• Buckles connecting rear of rig to rear of shoulder straps also have Blackhawk moulded in them.

  • Underside of rig, hanging vertical velcro straps for use in conjunction with a belt which would be velcro'd into position.

  • Standard 4x mag pouches with velcro flaps and tabs.

  • Utility pouch on left and right hand sides (1 on right hand side was used as medic pouch).


In addition to the plate carrier and harness, there were a number of ancillaries attached;

Cold Steel SRK - SK-5



SRK was identified by;

  • Cold Steel is the preferred manufacturer of issued knives to the US Military, specifically to Navy Seals who are issued the SRK for BUDS training.

  • Shape and length of sheath, plus lanyard holes and mounting slits on the sheath (third image - highlighted red).

  • Lanyard hole position and colour (third image - highlighted green).

  • Shape of guard / bolster with thumb rest (fourth image - highlighted green). Shape of sheath (fourth image - highlighted red).

In addition to the plate carrier and chest rig, there were a number of ancillaries attached;


  • Thales reproduction MBITR PRC 148.

  • Thales reproduction MBITR PRC 148 PTT Handset.


Chief Warrant Officer Hal SPENCER (ODA - Executive Officer)


ODA Executive Officer is the 2IC (Second in Command). Role is to disseminate orders, ensure logistics are squared away, provides briefs and plans / orders to the men. Requires the ability to command one element if an ODA needs to be split.


The below section details the plate carrier and ancillaries utilised by Hal SPENCER.



Emerson Compact High Speed Vest (OD), a replica, is likely worn in lieu of an Eagle Industries SPC (Scalable Plate Carrier).



The Vest was identified by;

  • 4x rows of molle on upper chest area, where 3rd row of molle sticks out further than the rest (third image - highlighted green).

  • Removable straps (fourth image - highlighted blue) have simple stitching, whereas SPC has stronger more defined stitching.


In addition to the plate carrier, there were a number of pouches / ancillaries attached;

  • LBT Triple Mag Pouch - Stitching on mag pouches shows 2 rectangles side by side vertically. LBT & Eagle Industries have same stitching however vertical line runs from centre of rectangles up and over flap (third image - highlighted red).

  • Blackhawk Hydrastorm Torrent bladder - HYRDASTORM written on cap (fourth image - highlighted red) and label at bottom removed (fourth image - highlighted green).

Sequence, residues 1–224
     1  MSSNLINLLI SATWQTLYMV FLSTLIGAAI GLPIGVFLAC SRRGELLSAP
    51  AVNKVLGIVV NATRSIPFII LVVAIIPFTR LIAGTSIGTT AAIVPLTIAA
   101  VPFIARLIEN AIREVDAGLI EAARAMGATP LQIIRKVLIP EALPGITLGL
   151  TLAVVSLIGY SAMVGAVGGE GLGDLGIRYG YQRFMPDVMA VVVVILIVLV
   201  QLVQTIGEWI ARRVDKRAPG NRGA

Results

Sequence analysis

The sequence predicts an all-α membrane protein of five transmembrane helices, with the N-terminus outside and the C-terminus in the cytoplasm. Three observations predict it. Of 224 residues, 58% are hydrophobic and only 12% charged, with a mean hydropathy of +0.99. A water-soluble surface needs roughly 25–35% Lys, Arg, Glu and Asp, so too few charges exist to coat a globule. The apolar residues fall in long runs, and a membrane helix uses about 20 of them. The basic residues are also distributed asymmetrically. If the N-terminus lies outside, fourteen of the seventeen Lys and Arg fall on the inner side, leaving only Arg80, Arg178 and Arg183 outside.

• LBT Admin Pouch

  • LBT GP Pouch

  • LBT Single Mag Pouch

  • LBT Radio Pouch

  • Glock Field Knife (either 78 or 81)

  • Petzl carabiner

  • MS2000 strobe

  • U94 PTT

Sergeant First Class Sam DILLER (ODA - Operations / Intelligence Sergeant)



The below section details the plate carrier, chest rig and ancillaries utilised by Sam DILLER.



Guarder MOD II Plate Carrier (Desert), a replica, is likely worn in lieu of a FSBE AAV QR (Full Spectrum Battle Equipment Amphibious Assault Vest), manufactured by Point Blank Armor.



The Guarder MOD II was identified by the same elements as Captain NELSONs.


In conjunction with the plate carrier, a chest rig was also worn.



FLYYE High Speed Recon Chest Rig - OD, is likely worn in lieu of an LBT / Blackhawk chest rig.



The Recon Rig was identified by;

  • Square and cross shaped stitching above front buckles (second image - highlighted red).

  • Distinctive shoulder strap material and stitching (second image - highlighted green).

  • Distinctive panelling used on rig at rear left and right where material forms a rectangular shape (third image - highlighted red).

  • Over the top pouch retaining velcro tab (third image - highlighted green).

  • 4x rear adjustment buckles (2x shoulders, 2x waist) (third image - highlighted blue).

  • 4x fixed double magazine pouches.

  • 2x pistol / GP pouches (third image - highlighted purple).

  • 2x fixed utility / radio pouches (1 used by Diller to hold a pistol).


In addition to the plate carrier and chest rig, there were a number of ancillaries attached;


Sergeant First Class - Sean COFFERS


The below section details the armour, load system and ancillaries utilised by Sean COFFERS.



SPEAR BALCS (Body Armor / Load Carriage System) - Desert Tri-colour, appears to be genuine issue.



The BALCS was identified by;

  • 3x distinct vertical columns of molle in centre of chest (second image - highlighted green).

  • Over shoulder velcro strap with additional pull for grip (second & third images - highlighted red).

  • 4x stitched molle loops at base of BALCS (second and third images - highlighted blue).